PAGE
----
Aesop's Fables are a collection of stories credited to Aesop (620–560 BC), a slave and storyteller who lived in Ancient Greece. Aesop's Fables have become a blanket term for collections of brief fables, usually involving anthropomorphic animals. The fables remain popular in children's moral education and entertainment. Many of the stories included in Aesop's Fables are well-known throughout the world and have been adapted in many media forms.
Famous Aesop's Fables include "The Tortoise and the Hare", "The Boy Who Cried Wolf", "The Ant and The Grasshopper" and "The Town Mouse and the Country Mouse."
Adaptations & ReferencesEdit
- In episode 212 of The Muppet Show, Sam the Eagle tells the fable of "The Ant and The Grasshopper". In Sam's version, the fun-loving grasshopper drives to Florida for the winter, and the hard-working ant gets stepped on.
- The fable of "The Wolf in Sheep's Clothing" was reenacted musically in episode 419 of The Muppet Show through "The Whiffenpoof Song". A group of Sheep sing and wag their tails, as the Wolf takes them out one by one -- until he's confronted by Super Sheep.
- Muppet Classic Theater featured a reenactment of "The Boy Who Cried Wolf" with Gonzo as the shepherd boy, Kermit as the mayor and, of course, a wolf.
- In the fourth season Bear in the Big Blue House episode "Appreciation Day", Shadow tells Aesop's fable "The Lion and the Mouse."
- Kermit the Frog interviewed the stars of the fable "The Tortoise and the Hare" in a Sesame Street Sports sketch. The Tortoise and the Hare are both preparing for the legendary race. As in the original tale, the Hare dawdles, believing that the Tortoise is so slow that he'll have plenty of time to win. He loses to Kermit, who's inadvertently crowned the winner after rushing to the finish line to catch the results.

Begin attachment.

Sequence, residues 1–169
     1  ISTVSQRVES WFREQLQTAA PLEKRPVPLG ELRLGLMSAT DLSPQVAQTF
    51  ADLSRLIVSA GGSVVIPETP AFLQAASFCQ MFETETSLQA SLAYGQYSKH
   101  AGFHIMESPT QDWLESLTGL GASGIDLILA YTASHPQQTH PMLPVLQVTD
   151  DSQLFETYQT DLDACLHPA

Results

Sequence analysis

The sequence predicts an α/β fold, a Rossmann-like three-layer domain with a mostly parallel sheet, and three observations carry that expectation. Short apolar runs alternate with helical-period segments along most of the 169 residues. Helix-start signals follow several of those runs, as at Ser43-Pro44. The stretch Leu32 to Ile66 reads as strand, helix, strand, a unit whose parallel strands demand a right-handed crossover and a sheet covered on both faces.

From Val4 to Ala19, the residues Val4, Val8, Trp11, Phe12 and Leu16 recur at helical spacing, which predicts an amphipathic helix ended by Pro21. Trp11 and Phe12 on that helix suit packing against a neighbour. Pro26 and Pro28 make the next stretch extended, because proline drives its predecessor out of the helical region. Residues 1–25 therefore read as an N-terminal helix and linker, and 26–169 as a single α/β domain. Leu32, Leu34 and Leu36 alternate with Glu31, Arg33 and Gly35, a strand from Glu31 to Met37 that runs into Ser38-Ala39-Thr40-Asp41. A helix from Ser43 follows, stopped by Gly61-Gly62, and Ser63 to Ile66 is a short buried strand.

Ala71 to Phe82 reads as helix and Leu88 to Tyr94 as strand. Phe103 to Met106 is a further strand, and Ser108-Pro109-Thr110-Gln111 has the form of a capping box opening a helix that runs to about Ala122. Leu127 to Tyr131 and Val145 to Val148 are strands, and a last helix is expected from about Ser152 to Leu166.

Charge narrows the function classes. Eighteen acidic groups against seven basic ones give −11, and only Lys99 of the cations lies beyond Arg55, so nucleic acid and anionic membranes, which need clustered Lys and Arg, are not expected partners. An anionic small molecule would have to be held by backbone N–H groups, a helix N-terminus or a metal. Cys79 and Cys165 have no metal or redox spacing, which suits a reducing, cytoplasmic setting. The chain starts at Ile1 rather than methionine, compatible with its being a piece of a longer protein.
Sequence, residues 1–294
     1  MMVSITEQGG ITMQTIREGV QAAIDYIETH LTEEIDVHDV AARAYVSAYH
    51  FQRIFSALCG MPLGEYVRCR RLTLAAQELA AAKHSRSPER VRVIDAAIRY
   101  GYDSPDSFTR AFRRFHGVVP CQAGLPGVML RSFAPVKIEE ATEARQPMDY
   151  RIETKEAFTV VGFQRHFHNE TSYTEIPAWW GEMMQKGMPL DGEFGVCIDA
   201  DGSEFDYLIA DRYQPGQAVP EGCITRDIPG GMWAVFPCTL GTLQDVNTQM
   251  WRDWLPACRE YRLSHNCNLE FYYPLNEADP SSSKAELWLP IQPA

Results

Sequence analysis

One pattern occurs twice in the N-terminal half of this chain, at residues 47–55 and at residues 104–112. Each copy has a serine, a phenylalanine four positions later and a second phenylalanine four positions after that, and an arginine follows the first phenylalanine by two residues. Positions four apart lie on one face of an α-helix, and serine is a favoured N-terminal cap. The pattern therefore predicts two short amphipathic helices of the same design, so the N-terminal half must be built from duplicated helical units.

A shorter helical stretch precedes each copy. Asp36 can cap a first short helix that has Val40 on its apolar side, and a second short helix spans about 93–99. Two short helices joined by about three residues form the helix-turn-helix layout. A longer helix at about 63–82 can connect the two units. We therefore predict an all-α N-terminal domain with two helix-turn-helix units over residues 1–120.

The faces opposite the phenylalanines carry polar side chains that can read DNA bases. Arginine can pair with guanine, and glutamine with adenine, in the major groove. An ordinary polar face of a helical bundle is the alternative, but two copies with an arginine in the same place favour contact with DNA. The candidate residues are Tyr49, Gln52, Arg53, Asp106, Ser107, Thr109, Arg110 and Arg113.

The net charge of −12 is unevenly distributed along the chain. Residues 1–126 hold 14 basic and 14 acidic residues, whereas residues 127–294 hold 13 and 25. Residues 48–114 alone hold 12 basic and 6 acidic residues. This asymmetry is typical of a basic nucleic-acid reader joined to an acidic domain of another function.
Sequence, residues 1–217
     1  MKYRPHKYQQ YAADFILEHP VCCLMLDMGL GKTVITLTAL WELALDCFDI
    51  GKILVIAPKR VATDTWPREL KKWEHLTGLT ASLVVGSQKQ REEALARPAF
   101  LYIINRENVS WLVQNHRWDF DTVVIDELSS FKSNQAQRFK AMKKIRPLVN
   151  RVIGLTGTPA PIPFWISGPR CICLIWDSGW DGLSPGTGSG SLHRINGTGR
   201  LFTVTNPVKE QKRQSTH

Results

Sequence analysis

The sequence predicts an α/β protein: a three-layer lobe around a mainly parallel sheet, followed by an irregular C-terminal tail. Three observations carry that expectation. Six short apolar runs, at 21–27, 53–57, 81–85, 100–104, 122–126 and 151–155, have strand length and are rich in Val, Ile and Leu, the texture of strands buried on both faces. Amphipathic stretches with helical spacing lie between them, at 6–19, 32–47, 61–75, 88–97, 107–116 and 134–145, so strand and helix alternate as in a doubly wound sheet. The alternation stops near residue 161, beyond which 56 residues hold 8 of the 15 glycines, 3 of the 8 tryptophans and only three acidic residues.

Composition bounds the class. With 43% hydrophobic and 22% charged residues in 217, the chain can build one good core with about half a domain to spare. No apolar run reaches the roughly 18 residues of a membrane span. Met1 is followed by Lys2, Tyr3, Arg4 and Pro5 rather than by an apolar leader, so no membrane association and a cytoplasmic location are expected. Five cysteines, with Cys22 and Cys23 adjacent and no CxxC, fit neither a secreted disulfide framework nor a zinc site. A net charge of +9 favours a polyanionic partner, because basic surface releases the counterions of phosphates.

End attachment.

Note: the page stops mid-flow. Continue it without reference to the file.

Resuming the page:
- The fable of "The Tortoise and the Hare" was revisited by Kermit and Sesame Street News in Season 20. In the new sketch, the Hare challenged the Tortoise to a rematch -- but this time, the Tortoise was equipped with a jet-pack.
- John Korty animated a folk ballad retelling of "The Fox and the Crow" for Sesame Street in the 1970s.
- The Sesame Street album Big Bird's Birdtime Stories featured many retellings of Aesop's Fables - including "The Tortoise and the Hare" told by Big Bird; "The Town Mouse and the Country Mouse" told by Susan; and "The Lion and the Mouse" told by Olivia.
- The fable of "The Town Mouse and the Country Mouse" was retold with worms in the Sesame Street storybook The City Worm and the Country Worm.
- Sesame Street featured a somewhat modern adaptation of "The Town Mouse and the Country Mouse". In the sketch, as in the original fable, the Country Mouse lives peacefully on the farm when his cousin, the City Mouse, comes to visit. The City Mouse is appalled that his cousin lives in a haystack, eats acorns, and listens to birdsong. He invites his cousin to come visit him in the city. The Country Mouse visits the City Mouse's apartment, and finds that his cousin eats pizza, doesn't mind traffic sounds, and listens to groovy music on his stereo. The Country Mouse is startled when he hears a cat. The City Mouse sighs, "Oh, that's just the cat. That means he's hungry, and he wants to catch us and eat us for dinner." Horrified, the Country Mouse goes back to the country, where he's safe.
- Elmo's World: Fast and Slow featured the two star players from the fable "The Tortoise and the Hare" as they arrive on Elmo's doorstep to illustrate fast and slow. The episode concludes with Elmo taking on the role of Tortoise and Hare (in Dorothy's imagination) to finish the story.
- The Dog City episode "Doggy See, Doggy Do" features Bugsy Vile reading a twisted version of an Aesop's fable in "His Master's Choice Theater".
- The Dog City episode "No Pain, No Brain" featured Mr. Mookie in the tale of "The Tortoise and the Hare."
- The title of Farscape episode "Into the Lion's Den Part 2: Wolf in Sheep's Clothing" references the fable of "The Wolf in Sheep's Clothing."
- The City Worm and the Country Worm is basically a retelling of "The Town Mouse and the Country Mouse", only with worms instead of mice.